Nike promotes hijab as European Union upholds headscarf ban

Photo by: Vivienne Balla
In this undated image provided by Nike, figure skater Zahra Lari model wears Nike's new hijab for Muslim female athletes. The pull-on hijab
is made of light, stretchy fabric that includes tiny holes for breathability and an elongated back so it will not come untucked. It will come in
three colors: black, vast grey and obsidian. Beaverton-based Nike says the hijab will be available for sale next year. (Nike via AP)

The Washington Times - Wednesday, March 15, 2017

It’s a cultural battle we in the U.S. so far have little experience with: How does a country assimilate immigrants who refuse to embrace the progressive values and secular tolerance of their adopted country?

It’s been a constant source of frustration within Europe, where traditionalist Islamic viewpoints — that are misogynistic, anti-Semitic and undemocratic — often come into conflict with a Western and socialist culture.

The Netherlands, which are voting Wednesday for parliament’s lower house, have found its welfare state, combined with liberal immigration policies, have made for an uneasy mix, wrote Leon de Winter, a political commentator for De Telegraaf, the largest Dutch daily newspaper.

Speaking of the rise of the right-wing Freedom Party, he wrote in The Wall Street Journal on Tuesday: “Did the Dutch really turn into xenophobes and racists? No, they are as open-minded as ever. But they have started to demand what most of their politicians until recently didn’t want to mention because it was politically incorrect: that immigrants practice tolerance, work and study hard, and teach their children to be proud contributing members of this society. That is the least you can ask when the fruits of your labor are taxed at 50 percent.”

He added: “Significant numbers of [Muslim immigrants] refuse to embrace the radical, secular tolerance of their new home.”
In particular, women in Islam are treated as second-class citizens — forced to wear hijabs and burkas which are meant to isolate them from the outside world. Women are looked upon as property of the male, a status that’s enshrined in Islamic text and enforced by Sharia law.

After a series of rapes in the city of Stavanger, Norway is now offering its Muslim refugees a course in European secular norms and behavioral codes, so that Muslim men who see a woman wearing a bikini or drinking alcohol won’t interpret it as a come-on. In Denmark, politicians want sex education to be included in its mandatory language classes for immigrants.

In France last summer, many municipalities prohibited Muslim women from wearing full-suited burkinis while swimming in the sea, and it, along with Belgium, Austria and the Netherlands have passed or are considering passing laws that ban full face-covering veils in public and within government spaces.

Many, who don’t live in these countries, pay their taxes, or have grown up in their cultures, feel these laws may be a violation of religious rights. But for these countries, it’s a public safety measure — a very concerted effort to help change the misogynistic norms that are prevalent in Islamic culture.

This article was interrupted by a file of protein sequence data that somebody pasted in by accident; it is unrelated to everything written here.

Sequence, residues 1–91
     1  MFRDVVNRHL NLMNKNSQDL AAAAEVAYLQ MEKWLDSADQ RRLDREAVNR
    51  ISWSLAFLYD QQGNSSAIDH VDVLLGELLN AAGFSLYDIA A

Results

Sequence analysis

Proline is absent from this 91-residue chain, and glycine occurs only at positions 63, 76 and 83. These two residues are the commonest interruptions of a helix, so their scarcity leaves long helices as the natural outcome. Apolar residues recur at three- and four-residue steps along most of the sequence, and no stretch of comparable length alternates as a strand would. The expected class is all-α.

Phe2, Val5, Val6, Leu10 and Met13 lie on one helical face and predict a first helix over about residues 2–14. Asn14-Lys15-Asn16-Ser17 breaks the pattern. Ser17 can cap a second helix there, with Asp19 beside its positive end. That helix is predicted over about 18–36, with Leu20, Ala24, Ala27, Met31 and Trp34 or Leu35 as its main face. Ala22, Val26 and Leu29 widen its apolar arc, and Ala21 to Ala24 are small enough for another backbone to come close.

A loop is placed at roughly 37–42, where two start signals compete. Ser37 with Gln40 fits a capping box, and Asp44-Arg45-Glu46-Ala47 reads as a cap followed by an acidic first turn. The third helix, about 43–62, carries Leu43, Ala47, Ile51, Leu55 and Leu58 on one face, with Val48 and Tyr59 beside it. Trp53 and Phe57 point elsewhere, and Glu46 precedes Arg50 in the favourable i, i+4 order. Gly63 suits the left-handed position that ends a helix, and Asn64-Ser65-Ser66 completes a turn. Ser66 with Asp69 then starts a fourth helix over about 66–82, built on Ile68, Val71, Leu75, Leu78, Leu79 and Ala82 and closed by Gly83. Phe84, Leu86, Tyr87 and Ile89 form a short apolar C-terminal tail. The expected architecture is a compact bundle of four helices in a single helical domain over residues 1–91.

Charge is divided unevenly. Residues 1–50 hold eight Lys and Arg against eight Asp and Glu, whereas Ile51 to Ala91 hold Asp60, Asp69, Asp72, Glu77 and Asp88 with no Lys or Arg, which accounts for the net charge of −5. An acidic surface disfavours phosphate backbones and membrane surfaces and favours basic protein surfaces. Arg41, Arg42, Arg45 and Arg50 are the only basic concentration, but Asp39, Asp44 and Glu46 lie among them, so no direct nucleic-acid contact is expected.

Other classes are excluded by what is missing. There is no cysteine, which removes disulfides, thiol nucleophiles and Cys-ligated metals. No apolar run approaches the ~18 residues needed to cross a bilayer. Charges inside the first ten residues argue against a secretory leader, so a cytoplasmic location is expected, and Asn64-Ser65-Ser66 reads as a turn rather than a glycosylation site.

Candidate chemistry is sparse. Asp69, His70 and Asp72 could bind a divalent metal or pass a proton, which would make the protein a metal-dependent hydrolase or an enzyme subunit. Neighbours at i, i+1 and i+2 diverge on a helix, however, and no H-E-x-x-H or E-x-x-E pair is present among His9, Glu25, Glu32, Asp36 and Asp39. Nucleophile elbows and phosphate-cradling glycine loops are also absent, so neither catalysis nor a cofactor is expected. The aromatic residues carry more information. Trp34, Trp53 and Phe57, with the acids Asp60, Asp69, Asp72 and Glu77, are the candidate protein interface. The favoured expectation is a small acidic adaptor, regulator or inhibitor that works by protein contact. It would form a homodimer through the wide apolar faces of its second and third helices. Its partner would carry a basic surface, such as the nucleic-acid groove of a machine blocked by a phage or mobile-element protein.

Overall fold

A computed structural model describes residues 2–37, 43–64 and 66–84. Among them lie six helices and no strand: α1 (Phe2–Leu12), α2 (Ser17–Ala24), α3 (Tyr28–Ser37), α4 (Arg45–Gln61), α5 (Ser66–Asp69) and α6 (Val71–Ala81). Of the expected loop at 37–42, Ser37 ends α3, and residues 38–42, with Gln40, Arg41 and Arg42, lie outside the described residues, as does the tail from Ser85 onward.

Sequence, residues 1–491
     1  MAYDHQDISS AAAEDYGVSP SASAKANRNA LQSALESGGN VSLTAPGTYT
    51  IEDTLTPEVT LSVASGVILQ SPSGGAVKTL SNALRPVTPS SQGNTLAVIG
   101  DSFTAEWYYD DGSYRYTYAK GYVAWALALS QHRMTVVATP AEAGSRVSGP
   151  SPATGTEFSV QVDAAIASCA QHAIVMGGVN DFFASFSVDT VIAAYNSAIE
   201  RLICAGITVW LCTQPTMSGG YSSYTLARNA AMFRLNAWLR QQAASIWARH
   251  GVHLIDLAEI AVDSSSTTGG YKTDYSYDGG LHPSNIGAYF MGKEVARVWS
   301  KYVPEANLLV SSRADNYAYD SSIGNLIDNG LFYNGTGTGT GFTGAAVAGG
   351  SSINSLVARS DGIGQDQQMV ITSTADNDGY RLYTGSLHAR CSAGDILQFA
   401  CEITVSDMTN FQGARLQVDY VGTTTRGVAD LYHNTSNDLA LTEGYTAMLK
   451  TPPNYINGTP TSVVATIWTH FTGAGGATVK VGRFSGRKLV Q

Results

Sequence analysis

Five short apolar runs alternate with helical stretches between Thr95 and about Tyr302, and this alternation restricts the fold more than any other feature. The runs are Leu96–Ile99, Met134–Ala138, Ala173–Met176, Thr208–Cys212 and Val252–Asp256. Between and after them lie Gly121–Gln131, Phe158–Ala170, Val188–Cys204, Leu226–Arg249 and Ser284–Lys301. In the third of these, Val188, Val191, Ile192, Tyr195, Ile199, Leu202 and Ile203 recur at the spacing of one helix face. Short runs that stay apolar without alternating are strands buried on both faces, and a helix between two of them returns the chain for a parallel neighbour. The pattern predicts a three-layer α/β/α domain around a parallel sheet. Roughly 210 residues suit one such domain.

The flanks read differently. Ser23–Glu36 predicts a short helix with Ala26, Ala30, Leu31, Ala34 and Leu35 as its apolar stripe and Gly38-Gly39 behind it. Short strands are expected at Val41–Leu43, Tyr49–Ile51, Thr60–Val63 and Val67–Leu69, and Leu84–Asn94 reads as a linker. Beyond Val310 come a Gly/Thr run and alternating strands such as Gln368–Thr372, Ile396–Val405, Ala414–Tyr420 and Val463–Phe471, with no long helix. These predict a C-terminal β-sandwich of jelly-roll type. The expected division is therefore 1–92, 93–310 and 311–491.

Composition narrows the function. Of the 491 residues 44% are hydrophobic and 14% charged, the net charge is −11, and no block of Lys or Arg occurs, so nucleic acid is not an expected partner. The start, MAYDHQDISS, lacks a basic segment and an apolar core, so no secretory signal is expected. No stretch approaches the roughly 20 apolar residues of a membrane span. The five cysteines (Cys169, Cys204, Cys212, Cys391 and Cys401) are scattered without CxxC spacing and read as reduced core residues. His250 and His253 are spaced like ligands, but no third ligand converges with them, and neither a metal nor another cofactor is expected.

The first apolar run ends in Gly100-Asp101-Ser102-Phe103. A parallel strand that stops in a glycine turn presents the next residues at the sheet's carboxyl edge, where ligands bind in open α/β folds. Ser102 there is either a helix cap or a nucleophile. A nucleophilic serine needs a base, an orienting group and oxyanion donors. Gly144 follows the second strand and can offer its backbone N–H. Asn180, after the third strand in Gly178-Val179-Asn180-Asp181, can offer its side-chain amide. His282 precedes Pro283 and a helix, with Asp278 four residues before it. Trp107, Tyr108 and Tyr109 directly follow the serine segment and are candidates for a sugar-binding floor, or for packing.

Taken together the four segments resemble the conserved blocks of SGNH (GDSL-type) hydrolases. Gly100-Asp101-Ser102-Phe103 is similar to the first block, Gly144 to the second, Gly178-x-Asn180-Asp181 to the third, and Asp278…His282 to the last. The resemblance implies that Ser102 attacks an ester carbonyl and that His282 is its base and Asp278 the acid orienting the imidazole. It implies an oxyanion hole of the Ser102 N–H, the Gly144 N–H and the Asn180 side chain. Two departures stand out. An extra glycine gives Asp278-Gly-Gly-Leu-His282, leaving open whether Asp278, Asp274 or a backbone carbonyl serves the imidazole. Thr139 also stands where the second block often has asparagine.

In February, right-wing politician Marine Le Pen — who is predicted to win the first round of voting in France’s April presidential elections — refused to cover her head to meet with Lebanon’s top Sunni Muslim cleric, in a sign of progressive defiance.

And on Tuesday, the European Union’s top court ruled that employers can ban the hijab and that doesn’t discriminate against religion, because firms can also ban other religious, political or philosophical symbols in the workplace if they have the proper guidelines in place.

That’s what makes Nike’s full embrace of its first-ever sport hijab is so disconcerting; it feels like the company — in trying to be politically correct — is really just normalizing the oppression of women. This as the rest of the Western world looks to fight against it.

The announcement of the Nike Pro Hijab, which will go on sale next year, was met with immediate backlash online and sparked threats of boycott.

“As Freedom Loving Athletic American Woman I stand against oppression, subjugation, #FGM the #nikehijab represents! #BoycottNike,” Tamara Leigh tweeted.

Tim Fitzgerald wrote: “Nike now supports oppressing women and making money off it with the hijab with the Nike emblem. Anything for a buck.”

I’m sure the Oregon-based company believes it’s promoting diversity, a proud American value — but with hijabs comes no freedom. For tens of millions of women around the world, the decision to wear a hijab is not a choice, it’s a requirement. It’s confirmation that they, indeed, are second-class citizens.

“Many women who wear the hijab even in Western countries are forced to wear it due to a pressure from society or their families. I personally know of cases in which women have been beaten up or rejected by their families for refusing to wear the hijab,” Faisal Saeed Al Mutar a Washington D.C.-based writer who emigrated from Iraq and the founder of Global Secular Humanist Movement, told the Huffington Post.

“My Egyptian friend Reem Abdul Razak was disowned by her father for taking the veil away. An Iraqi friend was kicked out from the house for refusing to wear the hijab any longer even though her reasons were not primarily anti-religious but rather because of the extreme summer heat in Iraq.”

Nike’s hijab does nothing to advance religious freedom or diversity. As a tolerant, progressive, open society, we should be working to remove hijabs, not making it easier to put them on.